“Boiled down, on blocks zoned RZ1 over 800m2 it may be permissible to build a second residence no greater than 120m2 in size. This change is expected to be enacted from late November 2023.

“Time will tell if the Canberra market continues to simmer along, or if the ongoing shortage will impact prices as we approach the finish line of 2023. It’s expected that quality, renovated homes will continue to elicit strong demand and consistent capital growth.”


Corey Jones, Managing Director, Motivate Property Group

“Driven by the fastest population growth in the country (2.8 per cent) as per the ABS, the WA property market has performed considerably well, despite all the negative outlook and opinions of the so-called “economic experts” from the finance and banking industry.

“In the past 12-months, the asking prices of houses, units, as well as rents have all had double-digit growth according to SQM Research, as well as being the most affordable property market in the country, where many areas can still be entered under $600,000.

“WA recently broke a new state record within the established property market, averaging 10-days to sell a listing, with many local councils struggling to keep up with the demand from overseas and interstate migration.

“The rental market is as tight as it has been in decades, with a vacancy rate of 0.4 per cent as per SQM Research, which in turn has pushed the median rental price at a new high of $575 per week.

“On the back of WA’s COVID19 hard border closure, the uptick in skilled worker demand in the WA mining sector, as well as the unprecedented demand during the HomeBuilder grant stimulus, the construction market is still being held down by a lack of skilled workers across the board.

“The WA population has grown by almost 80,000 people, while simultaneously struggling to build 20,000 homes to keep up with this demand.

“After speaking with several selling agents, builders and land developers over the past few weeks, it’s becoming apparent that land access will be the next hurdle that WA will face to help keep the market buoyant.

“From a land perspective, WA has more than any state in the world, however, we’re struggling with the manpower to physically develop the land and have it ready to build on for the current levels of demand.

“Similarly to what Queensland felt during the height of COVID19, there is a risk that WA may soon run out of titled land, and the only remaining options may be untitled stock with titles pending more than six months away.

“As we head towards the final quarter for 2023, this is a perfect storm of signs that show the market is nowhere near slowing down.”


Richard Sheppard, Director & Chief Property Wealth Planner, inSynergy Advisory

“Darwin has returned to our radar as a market to watch in 2023. Looking back over the past three decades, Darwin was historically a high-performing city, experiencing growth and prices on par with major capitals like Brisbane and Melbourne in 1996, 2008, and 2013, largely driven by mining booms during those times.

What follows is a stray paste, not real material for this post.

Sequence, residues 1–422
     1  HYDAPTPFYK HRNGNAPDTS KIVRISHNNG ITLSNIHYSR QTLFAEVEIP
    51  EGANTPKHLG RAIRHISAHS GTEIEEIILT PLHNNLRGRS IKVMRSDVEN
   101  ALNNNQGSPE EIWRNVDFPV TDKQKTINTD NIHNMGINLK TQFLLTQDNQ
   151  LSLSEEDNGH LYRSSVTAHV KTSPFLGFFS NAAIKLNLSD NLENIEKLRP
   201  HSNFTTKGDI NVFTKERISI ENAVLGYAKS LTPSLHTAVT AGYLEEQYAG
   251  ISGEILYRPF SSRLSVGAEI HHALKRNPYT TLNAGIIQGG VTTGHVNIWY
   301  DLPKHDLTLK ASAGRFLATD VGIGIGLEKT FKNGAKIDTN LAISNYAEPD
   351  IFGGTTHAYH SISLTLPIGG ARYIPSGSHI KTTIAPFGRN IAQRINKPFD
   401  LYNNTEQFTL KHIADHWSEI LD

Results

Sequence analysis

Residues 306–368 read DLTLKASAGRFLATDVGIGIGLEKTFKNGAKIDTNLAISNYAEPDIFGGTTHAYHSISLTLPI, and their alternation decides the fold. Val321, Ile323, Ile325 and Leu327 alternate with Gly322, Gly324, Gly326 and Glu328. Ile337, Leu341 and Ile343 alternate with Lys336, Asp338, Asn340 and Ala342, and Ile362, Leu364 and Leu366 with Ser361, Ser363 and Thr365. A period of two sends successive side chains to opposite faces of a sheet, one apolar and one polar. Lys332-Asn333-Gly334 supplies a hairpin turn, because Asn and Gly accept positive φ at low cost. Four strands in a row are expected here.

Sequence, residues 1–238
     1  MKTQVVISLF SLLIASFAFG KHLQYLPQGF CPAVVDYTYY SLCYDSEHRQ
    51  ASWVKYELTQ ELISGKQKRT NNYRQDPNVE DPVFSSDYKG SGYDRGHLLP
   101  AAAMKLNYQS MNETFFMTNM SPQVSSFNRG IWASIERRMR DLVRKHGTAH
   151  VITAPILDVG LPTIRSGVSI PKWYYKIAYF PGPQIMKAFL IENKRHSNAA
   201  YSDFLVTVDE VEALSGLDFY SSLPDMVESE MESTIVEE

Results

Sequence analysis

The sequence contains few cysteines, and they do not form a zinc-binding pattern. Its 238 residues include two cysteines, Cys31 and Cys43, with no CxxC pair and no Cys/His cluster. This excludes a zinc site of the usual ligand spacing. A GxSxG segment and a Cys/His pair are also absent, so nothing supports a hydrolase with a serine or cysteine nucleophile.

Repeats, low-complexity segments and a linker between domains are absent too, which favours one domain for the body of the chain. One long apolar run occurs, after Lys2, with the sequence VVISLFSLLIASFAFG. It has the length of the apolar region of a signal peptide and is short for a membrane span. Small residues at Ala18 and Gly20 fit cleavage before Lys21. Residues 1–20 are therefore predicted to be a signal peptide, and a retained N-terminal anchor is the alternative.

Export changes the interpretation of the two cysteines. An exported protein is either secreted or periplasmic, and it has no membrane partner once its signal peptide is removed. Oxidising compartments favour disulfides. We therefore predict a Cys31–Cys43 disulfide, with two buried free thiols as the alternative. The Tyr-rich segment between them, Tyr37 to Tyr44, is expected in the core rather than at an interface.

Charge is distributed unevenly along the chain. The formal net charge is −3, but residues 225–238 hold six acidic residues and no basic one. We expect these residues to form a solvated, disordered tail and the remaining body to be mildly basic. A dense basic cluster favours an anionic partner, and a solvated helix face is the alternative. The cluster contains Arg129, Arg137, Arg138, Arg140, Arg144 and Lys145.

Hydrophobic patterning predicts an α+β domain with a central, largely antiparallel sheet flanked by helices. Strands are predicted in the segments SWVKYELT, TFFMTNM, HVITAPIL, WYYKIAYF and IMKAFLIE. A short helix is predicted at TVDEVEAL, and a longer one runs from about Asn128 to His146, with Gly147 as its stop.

“Currently, Darwin boasts a median house price of $600,000, which is 40 per cent of Sydney’s median price. Additionally, the city has an extensive pipeline of substantial infrastructure projects valued at tens of billions of dollars set to unfold over the next decade.

“Notably, rental yields are impressive, with houses at 6.9 per cent and units at 5.2 per cent, and there’s a consistent low vacancy rate of around one per cent. These factors collectively create a compelling potential for growth in the city.

“Darwin’s strategic advantages, such as the Australia Asia Power Link, increased defence funding, and mining investments, position it as one of the most promising markets for the next 10 to 15 years.

“These ambitious initiatives are set to drive significant economic activity, resulting in substantial job opportunities, wage growth, and a notable increase in the population. “Furthermore, the city’s property prices remain relatively affordable, making it particularly attractive for investors looking for a decade of strong growth.

This exceptional influx of economic activity, approaching a staggering $100 billion, represents the largest investment in Australia’s history when viewed on a per capita basis.

“To put it into perspective, the approximately $23 billion invested in Brisbane for the Olympics pales in comparison, with a nearly five-fold difference. Even if only half of the Power Link project expenditure is directed to Darwin, the per capita investment still stands at close to 40 times that of Brisbane, which is an unprecedented catalyst for substantial upward pressure on property values and yields. This surge is occurring in an already undersupplied market with record-low vacancies.

“When we examine investment prospects in Darwin’s inner and city fringe suburbs, it becomes evident that units and townhouses with options for short-term or corporate leasing hold substantial promise.

“With the expected influx of white-collar workers needed to manage the new projects, these properties are poised to yield significant benefits.

“However, it’s essential to acknowledge that while Darwin presents promising investment opportunities, like any housing market, it carries certain risks. These include its relatively small market size, sluggish population growth in recent years, and uncertainties surrounding the implementation of infrastructure projects.

“Nonetheless, considering the current market conditions and the scale of infrastructure investments, Darwin remains an appealing market worthy of exploration.”